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This article is derived from the on-demand webinar “Global Mindset: What Do Leaders Need to Succeed?” In it, Thunderbird professor Mansour Javidan provides an overview of the pitfalls that hinder global leaders in cross-cultural settings and how leaders can develop a Global Mindset to achieve international success.
How do organizations and leaders thrive in a marketplace where competition is global? How do they create pathways to success by globalizing operations, talent, and mindsets simultaneously?
Those are questions Thunderbird professor Mansour Javidan, Ph.D. explores in his research, consulting, and coursework. He teaches how managers can work effectively with a broad array of international counterparts by bridging cultural, language, and hierarchical challenges.
In the webinar, “Global Mindset: What Do Leaders Need to Succeed?” Dr. Javidan frames the discussion through the prism of global business leaders’ expectations about the international business climate over the next five years. He asks:
For leaders who answered yes to most of those questions, global mindset is essential to success, says Dr. Javidan.
In the webinar, Dr. Javidan presents two humorous examples that illustrate the challenges of cross-cultural business. The first is a Coca-Cola salesman’s misadventures in Saudi Arabia. According to the story, the salesman doesn’t speak Arabic so he decides to make his sales pitch a series of three posters, which were posted around the country like so:
The problem? Saudis read from right to left. Not surprisingly, the salesman’s overseas post was short-lived.
“How do organizations and leaders thrive in a marketplace where competition is global? With Global Mindset.” – Click to tweet
In the second example, Dr. Javidan makes the point about how what’s seen as polite in one culture can be seen as quite rude in another. The ad is funny, but in real life those sorts of cultural missteps can derail negotiations, given how significant personal relationships are in business.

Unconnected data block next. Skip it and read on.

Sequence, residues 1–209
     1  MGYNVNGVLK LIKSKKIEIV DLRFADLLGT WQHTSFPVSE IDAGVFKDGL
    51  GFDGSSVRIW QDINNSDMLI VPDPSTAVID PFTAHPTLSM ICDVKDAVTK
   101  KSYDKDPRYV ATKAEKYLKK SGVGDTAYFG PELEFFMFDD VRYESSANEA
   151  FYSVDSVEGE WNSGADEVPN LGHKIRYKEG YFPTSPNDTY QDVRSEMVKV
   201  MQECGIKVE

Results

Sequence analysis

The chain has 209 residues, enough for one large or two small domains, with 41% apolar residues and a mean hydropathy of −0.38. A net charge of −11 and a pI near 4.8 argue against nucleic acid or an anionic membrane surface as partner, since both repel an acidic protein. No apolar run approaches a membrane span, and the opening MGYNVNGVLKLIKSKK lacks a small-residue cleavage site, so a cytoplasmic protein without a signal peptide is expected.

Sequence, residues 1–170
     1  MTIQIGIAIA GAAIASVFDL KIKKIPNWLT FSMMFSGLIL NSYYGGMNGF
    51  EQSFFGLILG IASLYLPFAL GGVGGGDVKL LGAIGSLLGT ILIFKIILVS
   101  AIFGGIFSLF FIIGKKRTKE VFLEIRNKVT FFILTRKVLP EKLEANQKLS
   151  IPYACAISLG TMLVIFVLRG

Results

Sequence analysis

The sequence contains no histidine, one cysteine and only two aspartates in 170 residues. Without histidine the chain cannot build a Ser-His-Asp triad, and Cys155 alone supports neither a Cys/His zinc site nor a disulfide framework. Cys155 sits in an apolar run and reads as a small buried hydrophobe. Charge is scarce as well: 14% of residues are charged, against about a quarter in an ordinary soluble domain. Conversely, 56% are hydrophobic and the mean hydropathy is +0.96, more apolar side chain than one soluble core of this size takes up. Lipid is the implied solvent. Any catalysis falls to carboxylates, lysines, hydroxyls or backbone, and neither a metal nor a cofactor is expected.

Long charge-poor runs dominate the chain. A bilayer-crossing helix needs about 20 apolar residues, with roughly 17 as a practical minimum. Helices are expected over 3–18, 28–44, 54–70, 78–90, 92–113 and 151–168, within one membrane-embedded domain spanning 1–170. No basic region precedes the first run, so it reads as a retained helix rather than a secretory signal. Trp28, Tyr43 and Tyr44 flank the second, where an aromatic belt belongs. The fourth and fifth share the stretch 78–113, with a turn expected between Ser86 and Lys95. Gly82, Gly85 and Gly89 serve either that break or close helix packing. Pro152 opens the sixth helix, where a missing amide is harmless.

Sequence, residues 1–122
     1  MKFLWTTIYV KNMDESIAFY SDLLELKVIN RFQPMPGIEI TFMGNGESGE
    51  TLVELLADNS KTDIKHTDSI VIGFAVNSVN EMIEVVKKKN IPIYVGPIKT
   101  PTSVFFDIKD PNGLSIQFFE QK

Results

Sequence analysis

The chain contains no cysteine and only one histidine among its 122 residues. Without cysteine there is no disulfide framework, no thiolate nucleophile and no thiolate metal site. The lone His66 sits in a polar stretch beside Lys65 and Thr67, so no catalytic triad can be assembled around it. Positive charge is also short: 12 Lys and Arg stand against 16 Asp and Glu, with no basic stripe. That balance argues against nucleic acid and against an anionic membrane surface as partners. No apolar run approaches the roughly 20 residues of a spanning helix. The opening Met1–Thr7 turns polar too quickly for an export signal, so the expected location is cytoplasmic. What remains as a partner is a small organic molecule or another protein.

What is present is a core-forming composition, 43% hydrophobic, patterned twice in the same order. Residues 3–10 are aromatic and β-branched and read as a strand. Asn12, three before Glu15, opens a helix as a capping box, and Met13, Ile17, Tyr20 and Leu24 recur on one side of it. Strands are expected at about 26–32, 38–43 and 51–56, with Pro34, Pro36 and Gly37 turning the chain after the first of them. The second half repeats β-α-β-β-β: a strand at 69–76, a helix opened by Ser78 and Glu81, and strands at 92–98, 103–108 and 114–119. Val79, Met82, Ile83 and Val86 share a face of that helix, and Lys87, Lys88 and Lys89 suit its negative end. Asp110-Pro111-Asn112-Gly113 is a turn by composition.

To buttress the point, Dr. Javidan discusses a survey of 1,000 internationally oriented Chinese companies, 72% of whom “believe the biggest difficulties that arise in conducting business overseas stem from cultural differences.”
Then there are ethical dilemmas that stem from different cultural norms. Dr. Javidan gives the example of an Indian airline that advertises strict physical appearance standards as qualifications for would-be flight attendants. “So if you’re the manager for United Airlines in India, do you adopt those same local hiring standards, even though they’re illegal in the U.S.?”
“72% of international Chinese companies surveyed ‘believe the biggest difficulties that arise in conducting business overseas stem from cultural differences.’” – Click to tweet
The key to cross-border success, says Dr. Javidan, is adopting and cultivating a Global Mindset to understand the differences and complexities among various cultures.
Since 2004, Dr. Javidan and his colleagues at Thunderbird have interviewed more than 32,000 business leaders from various industries and countries to define the antecedents and consequences of the Global Mindset, develop metrics, and deploy scientifically based assessment tools for global companies.
The various elements of Global Mindset, and how to grow it, are described in a series of Knowledge Network articles: Why Global Mindset is Essential, Measuring Global Mindset, and Growing Your Global Mindset.
“The key to cross-border success is cultivating a Global Mindset to understand cultural differences and complexities.” – Click to tweet
The “Global Mindset: What Do Leaders Need to Succeed?” webinar concludes with a Q&A:
To hear Dr. Javidan’s answers to those questions and more, check out the webinar here.